Consistency is Key

I’m going to contradict myself today and talk a little bit about the importance of consistency. I know that I’ve had quite a few posts on here talking about the importance of agility and recruiting for people that can be agile. While I think the ability to respond quickly to a change in environment is incredibly important, I think as an executive or a manger it’s important not to not to overuse that. I know that the temptation is to reshuffle, to reorganize, to reconfigure, and to be ready to take on the next challenge. For organizations large and small, the challenge changes every day so there’s an enormous temptation to take in the new data points that you have and begin to tinker around to find that optimal mix that s going to enable you to achieve your goal. There’s a temptation there to over transform and I think sometimes that’s exacerbated by having really great people that are capable of that type of change.

I know that for myself as a consulting firm you’re constantly faced with new and unique client side challenges and you’re tempted to throw your best people at it all the time. The upside to that is that oftentimes you’re able to win that business, succeed for that client, and really achieve. The downside is that sometimes you’re yanking people out of an existing assignment, a natural fit, or something that they’ve just begun to gain expertise in to do it. While they may be very capable of achieving and as I just said they may help you reach a successful conclusion on many occasions, you need to be a little bit careful of how many times you stretch the rubber band. I just think that people get fatigued from all the overhead associated with this constant maneuvering. Not only are they doing all the things that normally do at a high level but if you’re constantly being forced to go at 120% to adjust to your change in circumstance, you get worn out.

When you’ve found somebody who can maneuver quickly between projects successfully, you need to be careful about how often you ask them to do those types of things. There’s a fine line between the excitement of learning something new and being reinvigorated by a new challenge, and becoming overwhelmed by an environment that never stops evolving, never stops changing, and never allows you to become very competent in any one thing. Its something that really needs to be guarded against and I believe is a management issue. It’s something that you, as a manager and executive, need to be conscious of on a daily basis and make sure that the amount of change that you’re asking people to undertake is something that they can handle and sometimes it can be really difficult. I know that for us, we’ve had periods where we’ve had to ask people to move across projects to bring specific insight and input into them, rely on things that they’re really good, and also force them to really dig deep to learn either a new skill or to get up to speed on that particular client in a hurry. So you just have to be careful about asking people to go the extra mile all the time.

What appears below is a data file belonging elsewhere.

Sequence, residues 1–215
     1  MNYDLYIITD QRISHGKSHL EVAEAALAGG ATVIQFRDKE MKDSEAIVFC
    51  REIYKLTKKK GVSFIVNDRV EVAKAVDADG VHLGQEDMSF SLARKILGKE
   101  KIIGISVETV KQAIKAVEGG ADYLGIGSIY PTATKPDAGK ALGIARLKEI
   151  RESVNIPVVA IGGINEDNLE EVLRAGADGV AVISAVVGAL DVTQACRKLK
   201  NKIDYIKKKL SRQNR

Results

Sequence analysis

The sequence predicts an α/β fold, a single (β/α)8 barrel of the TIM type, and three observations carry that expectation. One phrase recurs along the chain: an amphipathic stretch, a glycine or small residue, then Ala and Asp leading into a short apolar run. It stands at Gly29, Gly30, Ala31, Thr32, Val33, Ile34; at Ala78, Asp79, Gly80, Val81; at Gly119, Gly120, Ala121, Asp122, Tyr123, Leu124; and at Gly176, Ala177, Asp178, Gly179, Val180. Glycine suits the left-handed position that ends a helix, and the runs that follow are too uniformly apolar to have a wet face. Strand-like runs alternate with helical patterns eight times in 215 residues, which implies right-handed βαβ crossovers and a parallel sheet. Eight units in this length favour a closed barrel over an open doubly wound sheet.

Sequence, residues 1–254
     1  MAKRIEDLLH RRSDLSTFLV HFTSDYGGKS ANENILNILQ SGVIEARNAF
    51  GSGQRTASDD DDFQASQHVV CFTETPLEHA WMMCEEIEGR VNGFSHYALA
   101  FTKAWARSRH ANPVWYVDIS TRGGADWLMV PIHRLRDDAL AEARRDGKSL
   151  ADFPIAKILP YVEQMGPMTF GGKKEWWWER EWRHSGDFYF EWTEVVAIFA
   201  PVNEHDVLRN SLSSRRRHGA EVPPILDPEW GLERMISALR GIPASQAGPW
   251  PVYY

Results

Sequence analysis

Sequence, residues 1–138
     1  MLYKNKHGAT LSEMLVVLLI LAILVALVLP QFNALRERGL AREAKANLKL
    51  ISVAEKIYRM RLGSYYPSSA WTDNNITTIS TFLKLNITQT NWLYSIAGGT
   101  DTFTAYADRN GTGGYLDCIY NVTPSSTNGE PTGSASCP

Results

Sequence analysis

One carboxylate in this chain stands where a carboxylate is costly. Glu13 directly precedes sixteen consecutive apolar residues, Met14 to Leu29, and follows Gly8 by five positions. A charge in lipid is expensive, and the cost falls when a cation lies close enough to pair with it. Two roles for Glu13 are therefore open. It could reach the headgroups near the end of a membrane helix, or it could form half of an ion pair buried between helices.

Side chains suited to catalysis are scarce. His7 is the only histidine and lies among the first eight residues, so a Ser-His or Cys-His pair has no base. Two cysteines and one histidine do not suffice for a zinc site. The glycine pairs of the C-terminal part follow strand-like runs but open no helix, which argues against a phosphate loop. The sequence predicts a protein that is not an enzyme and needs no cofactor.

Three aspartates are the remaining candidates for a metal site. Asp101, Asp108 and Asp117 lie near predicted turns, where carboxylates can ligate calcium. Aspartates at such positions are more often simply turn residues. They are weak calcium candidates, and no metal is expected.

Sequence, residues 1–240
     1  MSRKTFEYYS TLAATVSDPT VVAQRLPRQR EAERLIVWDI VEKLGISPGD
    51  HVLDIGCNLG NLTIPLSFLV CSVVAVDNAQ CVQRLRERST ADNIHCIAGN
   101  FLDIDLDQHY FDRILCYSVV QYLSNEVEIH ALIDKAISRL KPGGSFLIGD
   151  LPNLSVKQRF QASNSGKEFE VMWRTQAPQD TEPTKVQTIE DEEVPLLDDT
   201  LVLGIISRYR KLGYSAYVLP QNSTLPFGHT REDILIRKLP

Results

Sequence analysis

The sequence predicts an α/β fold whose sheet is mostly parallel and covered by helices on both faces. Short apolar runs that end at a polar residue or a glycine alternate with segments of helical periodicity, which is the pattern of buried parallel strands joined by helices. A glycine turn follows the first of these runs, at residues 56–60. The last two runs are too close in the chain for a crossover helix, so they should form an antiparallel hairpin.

I think a lot of people, particularly in the business we’re in, agility is part of the reason they got into consulting services. A lot of the folks that we have got into it this because they enjoy new challenges, working with new people, and change is just really part of the allure. So in our case, I think we can be a little bit more progressive with how any challenges we throw at somebody. Although I still think, even in that circumstance where somebody has signed up to work with a lot of different organizations and evolve their skills rapidly by virtue of the job they’ve taken, you still need to manage how much you throw at somebody. It can be overwhelming even for really smart people who want that sort of challenge on a regular basis. I’m curious what other people think as always. I’d love to hear if you have a story about being overwhelmed, being asked to be all things to all people, or being stretched too thin, and how you felt about that.

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